Frequency and the sensation of sounds
Keywords:hearing, psychology, sound sensation, frequency, loudness, pitch, Weber fraction, intensity
AbstractThe physical quantities, sound intensity, sound duration and frequency combine in a subtle manner to produce the psychoacoustic quantities, loudness and pitch. In an attempt to isolate the effects of each physical variable, experiments have been conducted in the past to determine the relationship between: (a) loudness and intensity, with frequency held constant; (b) pitch and frequency, with intensity held constant. The relationship between loudness/pitch and intensity/frequency has also been investigated using experiments on auditory discrimination. Discrimination experiments involve determining how much change in intensity (or frequency) is required to elicit a change in biological response. For example, a tone of 100 Hz can probably not be distinguished from a tone of 101 Hz at all relevant sound intensities, as long as the intensity is held constant between the two tones. Commonly one calculates the Weber fraction, which is the change in intensity/frequency divided by the reference intensity/frequency, required to produce a change in sensation. The Weber fraction is calculated over a range of intensities (or frequencies). There are two types of Weber fraction with which the authors shall be concerned, corresponding to experiments (a) and (b) above: (c) fractional changes in intensity, with frequency held constants; (d) fractional changes in frequency, with intensity held constant. The authors discuss these experiments and present a theoretical analysis
How to Cite
Author Licensing Addendum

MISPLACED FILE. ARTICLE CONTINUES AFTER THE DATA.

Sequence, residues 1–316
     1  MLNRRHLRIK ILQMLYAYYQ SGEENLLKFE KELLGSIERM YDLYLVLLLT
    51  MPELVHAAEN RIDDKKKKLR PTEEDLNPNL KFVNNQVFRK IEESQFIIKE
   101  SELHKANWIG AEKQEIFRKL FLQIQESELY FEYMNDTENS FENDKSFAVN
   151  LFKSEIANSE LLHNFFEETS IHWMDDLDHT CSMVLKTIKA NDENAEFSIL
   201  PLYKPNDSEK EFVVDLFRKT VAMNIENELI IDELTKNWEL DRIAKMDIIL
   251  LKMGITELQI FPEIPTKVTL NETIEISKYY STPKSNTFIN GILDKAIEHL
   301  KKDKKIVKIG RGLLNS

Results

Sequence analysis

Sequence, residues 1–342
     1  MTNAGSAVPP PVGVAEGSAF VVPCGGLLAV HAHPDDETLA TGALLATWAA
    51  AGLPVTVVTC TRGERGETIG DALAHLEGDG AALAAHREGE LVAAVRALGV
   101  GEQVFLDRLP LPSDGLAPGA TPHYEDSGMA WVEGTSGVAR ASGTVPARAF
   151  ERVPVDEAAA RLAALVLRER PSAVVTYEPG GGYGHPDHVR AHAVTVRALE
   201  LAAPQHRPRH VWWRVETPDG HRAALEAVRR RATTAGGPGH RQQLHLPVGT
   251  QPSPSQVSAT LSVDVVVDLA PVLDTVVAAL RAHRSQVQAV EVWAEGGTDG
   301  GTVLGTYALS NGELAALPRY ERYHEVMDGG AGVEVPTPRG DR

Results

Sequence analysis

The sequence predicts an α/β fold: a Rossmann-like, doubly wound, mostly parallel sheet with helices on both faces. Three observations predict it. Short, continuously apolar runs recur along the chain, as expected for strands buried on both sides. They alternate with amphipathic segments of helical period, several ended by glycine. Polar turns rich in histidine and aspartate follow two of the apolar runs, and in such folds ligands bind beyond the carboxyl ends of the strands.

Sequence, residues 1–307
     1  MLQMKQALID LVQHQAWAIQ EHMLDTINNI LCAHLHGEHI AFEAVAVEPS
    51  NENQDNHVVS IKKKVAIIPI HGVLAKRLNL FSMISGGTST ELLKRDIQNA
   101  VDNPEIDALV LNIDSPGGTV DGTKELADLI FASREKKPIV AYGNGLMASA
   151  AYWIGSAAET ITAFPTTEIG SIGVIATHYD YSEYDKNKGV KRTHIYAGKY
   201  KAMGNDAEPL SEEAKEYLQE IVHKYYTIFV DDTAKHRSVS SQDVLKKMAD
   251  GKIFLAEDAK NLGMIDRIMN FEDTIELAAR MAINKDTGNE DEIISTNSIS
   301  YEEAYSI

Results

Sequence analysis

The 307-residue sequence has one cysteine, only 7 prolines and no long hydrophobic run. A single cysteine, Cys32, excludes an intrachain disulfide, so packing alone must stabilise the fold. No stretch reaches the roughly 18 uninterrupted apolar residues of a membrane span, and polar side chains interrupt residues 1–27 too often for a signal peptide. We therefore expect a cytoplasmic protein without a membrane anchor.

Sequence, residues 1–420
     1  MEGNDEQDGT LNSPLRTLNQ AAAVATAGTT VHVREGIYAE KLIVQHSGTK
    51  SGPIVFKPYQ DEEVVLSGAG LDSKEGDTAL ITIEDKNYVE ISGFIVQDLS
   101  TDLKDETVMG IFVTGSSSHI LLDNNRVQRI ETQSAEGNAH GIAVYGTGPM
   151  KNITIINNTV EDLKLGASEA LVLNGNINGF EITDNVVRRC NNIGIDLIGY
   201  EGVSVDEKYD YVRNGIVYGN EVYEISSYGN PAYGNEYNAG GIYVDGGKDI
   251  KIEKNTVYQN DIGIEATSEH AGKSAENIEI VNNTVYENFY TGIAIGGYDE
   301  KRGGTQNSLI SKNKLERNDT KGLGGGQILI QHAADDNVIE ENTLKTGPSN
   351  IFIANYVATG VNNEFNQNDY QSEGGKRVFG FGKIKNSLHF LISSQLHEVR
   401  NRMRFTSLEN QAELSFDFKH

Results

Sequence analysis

This Licensing Addendum ("Addendum") is entered into between the undersigned Author(s) and Canadian Acoustics journal published by the Canadian Acoustical Association (hereinafter referred to as the "Publisher"). The Author(s) and the Publisher agree as follows:
Retained Rights: The Author(s) retain(s) the following rights:
- The right to reproduce, distribute, and publicly display the Work on the Author's personal website or the website of the Author's institution.
- The right to use the Work in the Author's teaching activities and presentations.
- The right to include the Work in a compilation for the Author's personal use, not for sale.
Grant of License: The Author(s) grant(s) to the Publisher a worldwide exclusive license to publish, reproduce, distribute, and display the Work in Canadian Acoustics and any other formats and media deemed appropriate by the Publisher.
Attribution: The Publisher agrees to include proper attribution to the Author(s) in all publications and reproductions of the Work.
No Conflict: This Addendum is intended to be in harmony with, and not in conflict with, the terms and conditions of the original agreement entered into between the Author(s) and the Publisher.
Copyright Clause: Copyright on articles is held by the Author(s). The corresponding Author has the right to grant on behalf of all Authors and does grant on behalf of all Authors, a worldwide exclusive license to the Publisher and its licensees in perpetuity, in all forms, formats, and media (whether known now or created in the future), including but not limited to the rights to publish, reproduce, distribute, display, store, translate, create adaptations, reprints, include within collections, and create summaries, extracts, and/or abstracts of the Contribution.